Emma Revie, chief executive
In ‘normal’ times, Ruth* works every hour under the sun in catering for an events company to provide for her family. But in mid-March, before the coronavirus pandemic had reached its peak in the UK, she found herself at a food bank collecting an emergency food parcel.
She was already just getting by from one payslip to the next – but when all the events company’s bookings were cancelled and she lost her shifts, it was impossible to make ends meet.
It isn’t right that Ruth was forced to use a food bank to get by. It isn’t right that anyone in our country is forced to use a food bank to get by. Each one of us deserves the dignity of having enough money to buy the essentials we need for ourselves and our families.
But this week, food banks across the UK have reported their busiest month ever as thousands of women, men and children find themselves in or on the brink of destitution, forced to seek emergency food to survive. Compared to April last year, food banks in the Trussell Trust network saw a staggering 89% increase in need, including a 107% increase in the number of children receiving emergency food parcels.
We all agree this must change. But how?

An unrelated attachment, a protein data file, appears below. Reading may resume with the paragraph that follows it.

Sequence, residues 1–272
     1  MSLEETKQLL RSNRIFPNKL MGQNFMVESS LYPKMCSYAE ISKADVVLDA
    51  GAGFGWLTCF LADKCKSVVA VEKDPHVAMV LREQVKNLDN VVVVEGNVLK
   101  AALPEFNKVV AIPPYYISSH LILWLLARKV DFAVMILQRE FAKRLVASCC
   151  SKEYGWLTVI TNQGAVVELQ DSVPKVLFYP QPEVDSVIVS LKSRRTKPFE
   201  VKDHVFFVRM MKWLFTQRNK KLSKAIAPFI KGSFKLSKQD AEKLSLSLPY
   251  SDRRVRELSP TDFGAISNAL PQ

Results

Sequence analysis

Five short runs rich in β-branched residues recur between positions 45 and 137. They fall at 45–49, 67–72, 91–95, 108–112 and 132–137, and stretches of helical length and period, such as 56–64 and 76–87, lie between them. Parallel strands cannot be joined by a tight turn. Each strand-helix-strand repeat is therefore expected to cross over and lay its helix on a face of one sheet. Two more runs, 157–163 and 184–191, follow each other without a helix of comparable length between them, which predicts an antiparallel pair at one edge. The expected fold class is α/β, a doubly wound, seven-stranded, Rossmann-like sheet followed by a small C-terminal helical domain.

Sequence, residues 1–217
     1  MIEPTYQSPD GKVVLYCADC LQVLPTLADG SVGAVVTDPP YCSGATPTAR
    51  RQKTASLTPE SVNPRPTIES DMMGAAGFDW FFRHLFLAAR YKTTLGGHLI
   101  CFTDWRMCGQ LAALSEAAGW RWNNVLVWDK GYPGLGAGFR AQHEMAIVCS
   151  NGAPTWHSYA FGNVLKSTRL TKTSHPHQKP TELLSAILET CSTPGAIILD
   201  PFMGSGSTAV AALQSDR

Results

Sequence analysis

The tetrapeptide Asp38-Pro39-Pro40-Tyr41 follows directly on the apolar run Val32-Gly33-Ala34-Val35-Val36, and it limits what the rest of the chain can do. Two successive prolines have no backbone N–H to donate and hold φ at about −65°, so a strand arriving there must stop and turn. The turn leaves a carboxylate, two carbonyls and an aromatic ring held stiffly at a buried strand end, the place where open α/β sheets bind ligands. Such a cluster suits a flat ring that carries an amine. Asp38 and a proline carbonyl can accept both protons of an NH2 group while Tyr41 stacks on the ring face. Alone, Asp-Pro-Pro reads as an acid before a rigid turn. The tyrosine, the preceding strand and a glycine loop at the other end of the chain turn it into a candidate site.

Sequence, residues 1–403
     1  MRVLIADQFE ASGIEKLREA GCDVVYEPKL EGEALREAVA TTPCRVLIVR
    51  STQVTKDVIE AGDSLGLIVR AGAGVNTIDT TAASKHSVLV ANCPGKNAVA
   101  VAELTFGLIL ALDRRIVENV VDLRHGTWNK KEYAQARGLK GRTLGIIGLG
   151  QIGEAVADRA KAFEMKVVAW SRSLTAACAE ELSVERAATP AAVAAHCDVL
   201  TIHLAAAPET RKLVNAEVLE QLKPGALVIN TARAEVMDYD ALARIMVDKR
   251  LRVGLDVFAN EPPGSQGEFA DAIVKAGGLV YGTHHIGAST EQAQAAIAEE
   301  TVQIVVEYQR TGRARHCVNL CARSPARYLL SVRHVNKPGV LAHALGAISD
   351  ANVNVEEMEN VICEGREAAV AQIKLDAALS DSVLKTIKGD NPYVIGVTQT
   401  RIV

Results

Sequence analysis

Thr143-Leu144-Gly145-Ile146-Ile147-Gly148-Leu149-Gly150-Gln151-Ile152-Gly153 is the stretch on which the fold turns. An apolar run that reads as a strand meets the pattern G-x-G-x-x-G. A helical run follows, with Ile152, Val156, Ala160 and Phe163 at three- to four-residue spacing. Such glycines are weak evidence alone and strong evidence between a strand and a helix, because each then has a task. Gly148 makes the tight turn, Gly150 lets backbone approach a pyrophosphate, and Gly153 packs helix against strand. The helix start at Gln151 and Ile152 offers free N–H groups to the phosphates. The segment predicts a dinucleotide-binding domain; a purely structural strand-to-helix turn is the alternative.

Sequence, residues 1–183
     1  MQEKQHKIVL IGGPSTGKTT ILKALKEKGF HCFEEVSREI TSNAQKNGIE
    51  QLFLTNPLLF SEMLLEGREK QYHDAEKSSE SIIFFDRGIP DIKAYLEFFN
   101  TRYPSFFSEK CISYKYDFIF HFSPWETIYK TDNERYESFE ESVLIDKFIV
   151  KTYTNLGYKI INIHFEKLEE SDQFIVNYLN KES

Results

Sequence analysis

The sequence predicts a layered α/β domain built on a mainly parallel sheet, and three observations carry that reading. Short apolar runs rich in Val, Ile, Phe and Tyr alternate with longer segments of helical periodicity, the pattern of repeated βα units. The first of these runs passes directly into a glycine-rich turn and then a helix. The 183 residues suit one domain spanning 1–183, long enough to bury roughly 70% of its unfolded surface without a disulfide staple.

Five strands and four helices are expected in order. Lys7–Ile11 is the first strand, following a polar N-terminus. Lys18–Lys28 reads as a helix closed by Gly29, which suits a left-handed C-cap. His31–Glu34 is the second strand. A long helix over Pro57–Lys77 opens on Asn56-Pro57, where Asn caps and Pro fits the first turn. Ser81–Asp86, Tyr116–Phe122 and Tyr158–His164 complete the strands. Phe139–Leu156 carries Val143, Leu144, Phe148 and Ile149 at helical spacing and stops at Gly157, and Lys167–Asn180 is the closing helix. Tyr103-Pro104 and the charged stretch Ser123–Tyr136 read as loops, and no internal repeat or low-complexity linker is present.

During the last few months we’ve heard lots of suggestions that focus on getting food to people who can’t afford it. But food isn’t the answer to people needing food banks. Food can’t be used to cover the cost of heating, lighting, rent or mortgages, and food won’t help a family buy school shoes, period products or bus tickets.
If we want to end the need for food banks, we need to focus on getting money into people’s pockets.
We welcome the government’s decision to put in place the Job Retention Scheme and the Self-Employed Income Support Scheme, and measures like the increase in Universal Credit payments. That scale of intervention has held many people from falling into destitution.
But the unparalleled speed and scale of the increase in people needing food banks shows these interventions don’t offer enough protection to everyone who needs support. Instead, they’ve shone a light on how fragile people’s safety nets are.
That’s why as part of a coalition of charities, including the Independent Food Aid Network, Child Poverty Action Group, The Children’s Society, Joseph Rowntree Foundation, StepChange and Turn2us, we’re calling on the government to do more and create a temporary Coronavirus Emergency Income Support Scheme, which will ensure everyone has enough money for the essentials.
If we want to protect more people like Ruth from needing a food bank as the economic impacts of coronavirus unfold, we must act with urgency. Each and every one of us must be treated with dignity and compassion. And none of us should left behind.
We know things are uncertain but with your support, our government could make a real difference to the lives of people needlessly swept into poverty throughout this crisis.
Email your MP to ask them to back our calls and together we can make a difference.
We believe that if we act together, #ThisCanChange – do you?